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Krissy Keefer celebrates 35 of dance inspired by feminist activism

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“Feminism is an f-word at this point,” says Krissy Keefer, the activist, choreographer and artistic director celebrating 35 years of dancemaking with a retrospective celebration in The City nextweekend.

“I think it’s really lacking from the public dialogue right now,” says Keefer, who made her mark on the dance scene in the 1970s with her all-female, feminist troupe the Wallflower Order Dance Collective. “I would like to pay homage to someone like Lady Gaga, but for all of her inventiveness, there’s a lot of S&M. I’m not a prude, but it’s one thing for adults who choose it and another for easily influenced young women who think this is normalized behavior.”

“From Wallflower Order to Dance Brigade: A 35-Year Retrospective Celebration,” a multimedia performance covering the span of Keefer’s career, runs Friday through Sunday at Yerba Buena Center for the Arts. The show combines archival film footage of early work with live performances from Keefer’s collaborators, including dancers from Wallflower Order and her current troupes Dance Brigade and its daughter company, Grrrl Brigade.

Keefer’s latest work, “The Great Liberation Upon Hearing,” which traces the journey from death to reincarnation as inspired by the Tibetan Book of the Dead, closes the performance. In true revolutionary spirit, the presentation is free and open to the public.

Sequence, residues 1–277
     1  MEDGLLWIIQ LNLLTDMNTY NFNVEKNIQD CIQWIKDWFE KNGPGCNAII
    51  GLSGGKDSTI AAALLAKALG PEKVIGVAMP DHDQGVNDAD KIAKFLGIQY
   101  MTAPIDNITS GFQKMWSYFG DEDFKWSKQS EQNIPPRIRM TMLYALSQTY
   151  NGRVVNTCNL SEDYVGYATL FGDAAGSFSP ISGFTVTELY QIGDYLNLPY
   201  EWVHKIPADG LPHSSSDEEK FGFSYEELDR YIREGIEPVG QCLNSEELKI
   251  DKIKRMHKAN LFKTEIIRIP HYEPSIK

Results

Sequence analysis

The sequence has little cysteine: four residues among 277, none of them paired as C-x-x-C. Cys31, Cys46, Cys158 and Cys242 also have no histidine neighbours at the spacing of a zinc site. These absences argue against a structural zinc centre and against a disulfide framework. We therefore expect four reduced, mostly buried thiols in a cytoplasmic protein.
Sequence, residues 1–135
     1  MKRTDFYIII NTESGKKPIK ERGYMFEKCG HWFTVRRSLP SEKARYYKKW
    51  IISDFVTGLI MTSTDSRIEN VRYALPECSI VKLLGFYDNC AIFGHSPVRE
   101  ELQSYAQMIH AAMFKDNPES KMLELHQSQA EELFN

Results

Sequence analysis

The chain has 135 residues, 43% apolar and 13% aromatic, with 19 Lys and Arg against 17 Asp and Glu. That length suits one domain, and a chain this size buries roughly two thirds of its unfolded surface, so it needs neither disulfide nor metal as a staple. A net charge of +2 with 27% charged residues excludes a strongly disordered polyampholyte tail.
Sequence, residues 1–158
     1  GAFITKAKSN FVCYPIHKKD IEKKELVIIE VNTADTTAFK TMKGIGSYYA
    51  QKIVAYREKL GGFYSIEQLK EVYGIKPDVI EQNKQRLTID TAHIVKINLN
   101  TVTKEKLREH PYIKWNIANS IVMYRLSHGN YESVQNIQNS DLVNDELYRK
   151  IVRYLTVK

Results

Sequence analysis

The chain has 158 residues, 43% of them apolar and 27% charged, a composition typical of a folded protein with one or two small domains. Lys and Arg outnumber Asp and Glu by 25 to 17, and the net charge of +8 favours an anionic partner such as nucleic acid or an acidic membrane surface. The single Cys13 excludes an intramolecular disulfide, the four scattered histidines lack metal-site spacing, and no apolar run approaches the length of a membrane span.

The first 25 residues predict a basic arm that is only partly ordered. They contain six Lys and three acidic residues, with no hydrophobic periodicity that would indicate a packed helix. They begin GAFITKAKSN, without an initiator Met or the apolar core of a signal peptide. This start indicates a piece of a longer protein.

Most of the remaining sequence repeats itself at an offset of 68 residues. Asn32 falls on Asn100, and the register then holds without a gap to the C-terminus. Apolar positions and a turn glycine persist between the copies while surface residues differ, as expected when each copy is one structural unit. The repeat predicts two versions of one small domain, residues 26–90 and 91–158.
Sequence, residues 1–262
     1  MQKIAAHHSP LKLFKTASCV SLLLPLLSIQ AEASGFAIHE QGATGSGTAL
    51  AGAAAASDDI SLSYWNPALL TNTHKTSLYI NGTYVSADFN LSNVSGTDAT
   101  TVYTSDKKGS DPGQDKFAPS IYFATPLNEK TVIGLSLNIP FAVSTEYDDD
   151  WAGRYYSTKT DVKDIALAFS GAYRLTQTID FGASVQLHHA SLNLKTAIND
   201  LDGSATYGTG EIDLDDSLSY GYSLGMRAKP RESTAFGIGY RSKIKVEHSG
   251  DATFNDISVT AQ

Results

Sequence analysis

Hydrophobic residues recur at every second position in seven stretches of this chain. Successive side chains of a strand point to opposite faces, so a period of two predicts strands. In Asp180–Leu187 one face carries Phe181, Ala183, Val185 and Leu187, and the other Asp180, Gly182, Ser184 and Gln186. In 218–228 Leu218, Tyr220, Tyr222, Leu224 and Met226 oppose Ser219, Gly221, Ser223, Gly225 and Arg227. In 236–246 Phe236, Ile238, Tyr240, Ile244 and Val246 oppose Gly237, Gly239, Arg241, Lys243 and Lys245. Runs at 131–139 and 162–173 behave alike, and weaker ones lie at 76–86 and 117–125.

“It’s a big deal to me, to bring all of this work together and to be able to invite the community there,” Keefer says. “We tie a whole journey together of ourselves as artists and of the different movements we attached ourselves to over the last 35 years.”

Keefer, whose mother was a dancer, grew up with formal ballet training but became known for her feminist-oriented take on dance when she founded the Wallflower Order Dance Collective in Eugene, Ore., in 1975.

The first dance company of its kind, it incorporated outspoken, impassioned dedication to the causes of feminism and social justice. A traditionally silent performance art became outspoken and vocal.

“It was a reaction to what was happening in the United States and the world,” Keefer says. “It was a big part of the women’s and collectivist movements. People were reinventing their sense of community. Women audiences everywhere, but especially in Eugene, encouraged us.”

Community is big for Keefer, whose companies Dance Brigade and Grrrl Brigade are based at Dance Mission Theater, a multicultural school she founded on the principles of inclusiveness and diversity.

Grrrl Brigade, a youth company that started with 10 members, now boasts 90 dancers, steered by Keefer’s message of female empowerment and social justice.

“It’s a leadership program,” Keefer says. “The girls learn how to cooperate instead of compete.”

While the group’s members may be tender in age, they address adult topics, including immigration issues, domestic violence and feminism.

“When I was young, the women’s movement was obvious and militant,” Keefer says. “That doesn’t exist anymore. Today’s girls don’t have that foundation, so we try to provide one.”

 

IF YOU GO
Dance Brigade’s 35th Anniversary Celebration

Where: Novellus Theater, Yerba Buena Center for the Arts, 701 Mission St., San Francisco
When: 8 p.m. Friday-Saturday; 2 p.m. Sunday
Tickets: Free
Contact: (415) 826-4441, www.dancebrigade.org